The Ultimate GMC Crackerbox Project Truck With a V12 Detroit Is Just Waiting To Be Finished

It’s not every day you find a 55-year-old semi truck with 700 hp just sitting in a building.

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The Ultimate GMC Crackerbox Project Truck With a V12 Detroit Is Just Waiting To Be Finished © The Ultimate GMC Crackerbox Project Truck With a V12 Detroit Is Just Waiting To Be Finished

The GMC Crackerbox might be the biggest nostalgia hit for fans of old-school heavy trucks. Everyone who grew up around big rigs seems to have some memory of their dad, grandpa, or uncle driving one, so it's a callback to America's childhood. In turn, clean examples are sought after in a big way, and they're relatively rare to spot in the wild. That's what makes this 1967 with a custom sleeper and twin-turbo Detroit Diesel 12V92 such a showstopper.

It's a mighty project for sure, and it's sitting in a warehouse in Dade City, Florida, just waiting to be finished. Bruce Wilson featured the truck on his YouTube channel, giving us a close-up look at the Crackerbox that boasts a 1,104-cubic-inch two-stroke diesel. It didn't come this way from the factory, and it's not currently running, but it's relatively close to completion.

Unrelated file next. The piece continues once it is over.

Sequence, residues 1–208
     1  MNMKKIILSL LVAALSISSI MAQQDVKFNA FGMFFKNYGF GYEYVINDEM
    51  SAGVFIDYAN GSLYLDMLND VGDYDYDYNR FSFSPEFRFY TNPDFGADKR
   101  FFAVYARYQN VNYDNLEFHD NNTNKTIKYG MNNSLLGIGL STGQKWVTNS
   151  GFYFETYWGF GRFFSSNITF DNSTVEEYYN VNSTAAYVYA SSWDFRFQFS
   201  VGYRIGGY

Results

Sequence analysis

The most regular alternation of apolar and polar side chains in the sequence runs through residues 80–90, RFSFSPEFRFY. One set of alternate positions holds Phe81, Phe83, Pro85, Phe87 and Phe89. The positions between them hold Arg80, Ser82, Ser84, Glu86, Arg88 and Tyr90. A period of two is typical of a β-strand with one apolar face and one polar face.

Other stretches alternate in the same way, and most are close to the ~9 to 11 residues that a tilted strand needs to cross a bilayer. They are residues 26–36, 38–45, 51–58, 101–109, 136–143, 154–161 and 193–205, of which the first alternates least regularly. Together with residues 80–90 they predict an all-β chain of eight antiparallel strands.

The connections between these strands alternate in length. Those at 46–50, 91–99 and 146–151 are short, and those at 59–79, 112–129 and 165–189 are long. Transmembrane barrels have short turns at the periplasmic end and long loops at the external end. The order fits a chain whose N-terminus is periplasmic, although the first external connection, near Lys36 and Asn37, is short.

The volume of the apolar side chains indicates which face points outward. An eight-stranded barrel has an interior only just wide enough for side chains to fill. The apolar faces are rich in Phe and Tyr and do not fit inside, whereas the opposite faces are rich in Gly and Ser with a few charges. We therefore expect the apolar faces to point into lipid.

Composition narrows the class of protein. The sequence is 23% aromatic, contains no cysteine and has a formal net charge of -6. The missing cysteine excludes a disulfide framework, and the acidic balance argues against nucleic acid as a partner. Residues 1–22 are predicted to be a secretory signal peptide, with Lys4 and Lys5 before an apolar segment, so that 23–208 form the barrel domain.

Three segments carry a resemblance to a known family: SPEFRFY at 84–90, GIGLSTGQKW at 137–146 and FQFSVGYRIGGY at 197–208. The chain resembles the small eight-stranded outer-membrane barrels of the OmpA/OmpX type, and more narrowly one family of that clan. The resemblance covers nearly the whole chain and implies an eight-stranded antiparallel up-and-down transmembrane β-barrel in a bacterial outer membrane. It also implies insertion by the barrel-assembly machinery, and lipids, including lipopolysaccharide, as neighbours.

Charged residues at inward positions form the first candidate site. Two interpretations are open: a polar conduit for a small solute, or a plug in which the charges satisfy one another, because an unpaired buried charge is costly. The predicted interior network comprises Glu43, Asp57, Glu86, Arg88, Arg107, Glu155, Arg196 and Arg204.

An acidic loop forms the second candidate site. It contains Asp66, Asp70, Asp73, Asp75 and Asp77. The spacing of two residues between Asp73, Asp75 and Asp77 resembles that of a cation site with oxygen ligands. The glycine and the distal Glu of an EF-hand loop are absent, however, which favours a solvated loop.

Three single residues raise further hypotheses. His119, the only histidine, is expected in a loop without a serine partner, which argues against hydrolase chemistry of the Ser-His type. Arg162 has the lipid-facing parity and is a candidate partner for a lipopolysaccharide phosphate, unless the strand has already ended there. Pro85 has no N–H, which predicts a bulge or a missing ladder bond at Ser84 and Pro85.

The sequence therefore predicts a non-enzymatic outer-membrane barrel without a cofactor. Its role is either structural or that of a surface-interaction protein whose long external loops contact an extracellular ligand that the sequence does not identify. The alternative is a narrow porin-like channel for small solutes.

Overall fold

The current owners acquired this tractor from the original builder, who constructed the sleeper. GMCs like these are notoriously narrow; the cab measures just 48 inches from front to back. This reportedly allowed for wheelbase options as short as 108 inches, which was an advantage back in the day when truck and trailer combos were limited to 65 feet. The length wasn't a concern when building this truck as it touts tandem rear axles and a frame long enough to house the mighty power plant.

Detroit Diesel's naming convention made it easy to know the specs of each engine. With this being a 12V92, we know it has 12 cylinders that measure 92 cubic inches apiece, all arranged in a "V" configuration. These famously made as much as 700 horsepower, and you'll spot a plaque underneath the passenger door with that number in plain writing. Historical records claim this engine alone measures 68 inches long, which isn't unbelievable considering it's effectively two huge V6s stacked together.

The turbos are located behind the cab, where you'll also find a pair of tall twin stacks. Some of the piping runs into the sleeper, which doesn't have a floor yet. It'll certainly be more comfortable when it's finished than the factory option, which reportedly measured only 24 inches.

There are odds and ends to tie up such as wiring, but even some of the smallest details like clamps and brackets have already been sorted. There's no sense in putting a timeline on the truck's completion, but just know it's in the caring hands of someone who wants to see it finished. Even the tiniest jobs feel big with a restoration like this, but I can't wait to see it on the road for the first time, whenever that is.

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